Mr K Robinson: We have seen, with the fair employment legislation and to some extent the Human Rights Commission, a reticence in people to engage with you because they perceive the legalistic nature of the Bill as a challenge to their role in society.

My hope is that the statutory bodies do not form a circle when they hear the words "children’s commissioner" but that they will consider their own structures and any problems yet to be identified by the children. The children would then be confident that the system would not process them through a legal framework or a court but would solve their problem. I am concerned that we may be straying away from that.

Prof Dickson: I appreciate your concern, but I would have hoped that the concept of children’s rights is not as controversial as the broader one of human rights. Certainly in Northern Ireland —[Interruption].

Mr K Robinson: Children may have their rights infringed, but we have all lived long enough to see the possibility of someone, for whatever reason, telling a child that his or her rights have been infringed and using the child as a weapon in another context.

Prof Dickson: That is always possible. However, the hope is that it would be avoided in nearly every case. The concept of human rights is controversial in Northern Ireland, as the Human Rights Commission knows only too well, and political parties sometimes make use of the phrase in a way that suits them. Such a danger arises when children’s rights are discussed; however, we do not disagree in Northern Ireland about what children’s best interests are.

Mr K Robinson: I made a similar point earlier. An unfortunate consequence of this matter is that some children are badly served by the legal framework and institutions. I return to the example of a child who is isolated at home and who may not have access to a commissioner.

Prof Dickson: That is why we have suggested improvements to the Bill.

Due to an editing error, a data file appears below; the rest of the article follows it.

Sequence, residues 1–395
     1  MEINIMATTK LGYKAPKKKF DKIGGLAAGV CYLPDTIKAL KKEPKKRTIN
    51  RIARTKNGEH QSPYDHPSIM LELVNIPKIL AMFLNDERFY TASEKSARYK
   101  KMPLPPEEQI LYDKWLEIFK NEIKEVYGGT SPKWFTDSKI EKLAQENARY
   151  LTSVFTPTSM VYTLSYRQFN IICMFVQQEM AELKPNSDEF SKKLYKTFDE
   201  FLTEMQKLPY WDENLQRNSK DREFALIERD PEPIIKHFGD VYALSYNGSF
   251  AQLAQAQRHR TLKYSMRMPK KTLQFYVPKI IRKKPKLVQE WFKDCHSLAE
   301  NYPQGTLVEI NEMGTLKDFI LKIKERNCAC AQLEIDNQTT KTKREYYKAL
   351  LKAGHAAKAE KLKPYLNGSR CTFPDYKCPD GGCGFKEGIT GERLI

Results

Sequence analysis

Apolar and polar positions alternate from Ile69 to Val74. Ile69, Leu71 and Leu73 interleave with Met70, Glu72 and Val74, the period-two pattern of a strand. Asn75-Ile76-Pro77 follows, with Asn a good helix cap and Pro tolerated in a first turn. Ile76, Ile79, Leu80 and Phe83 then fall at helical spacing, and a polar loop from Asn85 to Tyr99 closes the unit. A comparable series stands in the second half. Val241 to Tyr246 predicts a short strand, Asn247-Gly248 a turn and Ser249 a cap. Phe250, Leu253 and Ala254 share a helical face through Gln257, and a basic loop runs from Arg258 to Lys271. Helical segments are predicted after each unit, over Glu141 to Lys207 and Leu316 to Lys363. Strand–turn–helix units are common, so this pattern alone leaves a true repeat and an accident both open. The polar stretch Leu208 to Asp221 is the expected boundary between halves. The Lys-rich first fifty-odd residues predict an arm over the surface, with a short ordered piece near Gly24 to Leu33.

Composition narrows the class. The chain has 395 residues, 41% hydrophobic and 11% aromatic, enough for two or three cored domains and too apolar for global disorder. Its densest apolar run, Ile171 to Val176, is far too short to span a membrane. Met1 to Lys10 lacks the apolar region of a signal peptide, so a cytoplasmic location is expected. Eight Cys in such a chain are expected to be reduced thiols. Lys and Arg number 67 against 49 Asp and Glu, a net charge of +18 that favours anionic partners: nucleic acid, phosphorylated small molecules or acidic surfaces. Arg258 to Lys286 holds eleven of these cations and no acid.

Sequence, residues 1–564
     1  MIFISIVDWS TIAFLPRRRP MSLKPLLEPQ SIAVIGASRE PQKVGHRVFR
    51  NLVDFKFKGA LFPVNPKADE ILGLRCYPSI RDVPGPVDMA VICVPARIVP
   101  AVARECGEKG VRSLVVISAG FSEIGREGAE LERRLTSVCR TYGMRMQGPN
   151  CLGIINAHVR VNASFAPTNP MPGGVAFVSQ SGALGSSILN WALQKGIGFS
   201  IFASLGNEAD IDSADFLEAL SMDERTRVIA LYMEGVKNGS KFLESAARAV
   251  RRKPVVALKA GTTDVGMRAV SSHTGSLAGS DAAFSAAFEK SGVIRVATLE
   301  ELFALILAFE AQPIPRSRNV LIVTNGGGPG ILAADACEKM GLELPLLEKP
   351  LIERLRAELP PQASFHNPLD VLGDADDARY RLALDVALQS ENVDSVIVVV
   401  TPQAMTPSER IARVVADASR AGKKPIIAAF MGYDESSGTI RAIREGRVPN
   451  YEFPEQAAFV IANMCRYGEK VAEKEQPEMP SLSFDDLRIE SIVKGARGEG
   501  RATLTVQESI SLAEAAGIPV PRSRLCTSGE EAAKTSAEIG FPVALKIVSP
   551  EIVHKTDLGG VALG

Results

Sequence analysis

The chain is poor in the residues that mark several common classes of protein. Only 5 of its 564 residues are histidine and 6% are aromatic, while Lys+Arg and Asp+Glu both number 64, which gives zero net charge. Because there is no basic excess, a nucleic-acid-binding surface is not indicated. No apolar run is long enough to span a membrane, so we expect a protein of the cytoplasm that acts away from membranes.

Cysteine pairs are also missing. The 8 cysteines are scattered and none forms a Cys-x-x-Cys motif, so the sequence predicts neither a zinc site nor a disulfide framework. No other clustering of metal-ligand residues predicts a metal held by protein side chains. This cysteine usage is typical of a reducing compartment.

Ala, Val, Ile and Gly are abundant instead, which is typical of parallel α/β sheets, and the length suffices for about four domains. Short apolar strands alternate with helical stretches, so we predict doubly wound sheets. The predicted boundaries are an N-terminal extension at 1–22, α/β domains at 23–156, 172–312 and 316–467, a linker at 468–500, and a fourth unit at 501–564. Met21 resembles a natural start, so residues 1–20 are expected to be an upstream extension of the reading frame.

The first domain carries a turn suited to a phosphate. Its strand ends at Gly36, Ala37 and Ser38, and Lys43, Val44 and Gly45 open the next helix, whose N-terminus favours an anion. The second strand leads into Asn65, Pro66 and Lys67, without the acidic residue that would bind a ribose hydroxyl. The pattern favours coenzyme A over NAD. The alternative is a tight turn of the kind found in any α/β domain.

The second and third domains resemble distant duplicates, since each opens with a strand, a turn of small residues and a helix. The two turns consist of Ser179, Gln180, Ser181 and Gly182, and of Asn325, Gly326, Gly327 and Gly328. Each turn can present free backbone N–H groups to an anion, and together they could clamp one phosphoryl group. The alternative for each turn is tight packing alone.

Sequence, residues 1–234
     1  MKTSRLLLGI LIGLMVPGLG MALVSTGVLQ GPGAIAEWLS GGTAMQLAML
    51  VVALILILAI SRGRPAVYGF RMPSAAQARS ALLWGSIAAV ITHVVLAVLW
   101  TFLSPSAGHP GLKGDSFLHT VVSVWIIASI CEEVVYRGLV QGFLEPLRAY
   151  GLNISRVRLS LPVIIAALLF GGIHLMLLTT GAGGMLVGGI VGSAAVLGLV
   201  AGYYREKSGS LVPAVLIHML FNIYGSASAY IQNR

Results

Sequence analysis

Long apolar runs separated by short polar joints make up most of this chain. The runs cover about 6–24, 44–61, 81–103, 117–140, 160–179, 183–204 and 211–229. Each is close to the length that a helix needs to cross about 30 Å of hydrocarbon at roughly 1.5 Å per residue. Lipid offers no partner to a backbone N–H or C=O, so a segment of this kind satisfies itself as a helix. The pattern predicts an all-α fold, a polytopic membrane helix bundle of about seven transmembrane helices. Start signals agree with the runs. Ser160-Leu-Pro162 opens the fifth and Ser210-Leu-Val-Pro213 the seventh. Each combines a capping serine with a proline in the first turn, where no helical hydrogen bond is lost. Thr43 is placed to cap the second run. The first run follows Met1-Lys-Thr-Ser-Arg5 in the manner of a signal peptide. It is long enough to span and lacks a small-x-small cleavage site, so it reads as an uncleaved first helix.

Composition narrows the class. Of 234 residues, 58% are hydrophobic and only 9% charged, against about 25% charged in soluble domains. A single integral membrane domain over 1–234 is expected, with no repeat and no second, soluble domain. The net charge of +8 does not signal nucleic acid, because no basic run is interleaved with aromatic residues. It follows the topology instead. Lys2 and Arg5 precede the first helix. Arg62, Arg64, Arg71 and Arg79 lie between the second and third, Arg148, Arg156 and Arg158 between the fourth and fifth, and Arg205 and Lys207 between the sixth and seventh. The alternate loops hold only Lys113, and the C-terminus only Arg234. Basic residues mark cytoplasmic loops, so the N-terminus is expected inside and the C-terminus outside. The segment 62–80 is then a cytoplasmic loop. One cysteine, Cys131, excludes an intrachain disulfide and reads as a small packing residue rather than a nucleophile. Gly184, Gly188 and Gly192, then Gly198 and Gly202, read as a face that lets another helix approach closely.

Mr K Robinson: Will those improvements safeguard the child?

Prof Dickson: I hope so.

Ms Magill: It was suggested that statutory bodies may be reticent and close the circle against the children’s commissioner. Worldwide, organisations such as ours found that when it was made clear from the outset that the new body was to have strong powers, the statutory bodies quickly recognised its role and the need to co-operate with it so that its powers — such as powers of entry — rarely need to be used. However, when the powers were not strong and were not made clear, the statutory bodies tried to test the boundaries and were less co-operative. Those experiences appear to contradict the idea that if a legalistic approach is taken people close the doors and do not co-operate.

Mr K Robinson: Let me give a quick example —

The Chairperson: Mr Robinson, we must move on.

Mr K Robinson: The anti-bullying policy. The Department, boards and schools all say that we must have it —

The Chairperson: Mr Robinson, we are moving on. Will the witnesses disregard the question so that we can move to the next one?

Mr K Robinson: We have a policy and have met the required stipulation, but children still get thumped in the playground. How do we prevent that?

The Chairperson: May we have the next question, please.

Mr McNamee: It has been suggested that clause 8(2)(a) be deleted. It states that a commissioner cannot exercise his power on a complaint unless he is satisfied that the complaint raises a question of principle. It was also mentioned that legislation dealing with the Equality Commission and the Human Rights Commission would include similar constraints. That could lead to unseemly and costly arguments about whether a question of principle has actually been raised. Have the Equality Commission and the Human Rights Commission been involved in such arguments? In practice, the powers granted under this clause mean virtually nothing, and that is why they have been criticised.

Secondly, it was suggested in another submission that clause 8(2)(b) be deleted because it severely restricts the commissioner in the exercise of his or her powers. That point was also made about clause 9, which would allow the commissioner to use his powers in only a few circumstances. What are your views on that?

Prof Dickson: First, I cannot give you any clear examples of unseemly and costly arguments about whether an abuse is a question of principle. However, when deciding whether to grant assistance, the Human Rights Commission considers whether the request raises a question of principle. In practice, the commission finds that question difficult to answer because it is open to many interpretations. It tends to err on the side of caution and decides that it is a question of principle.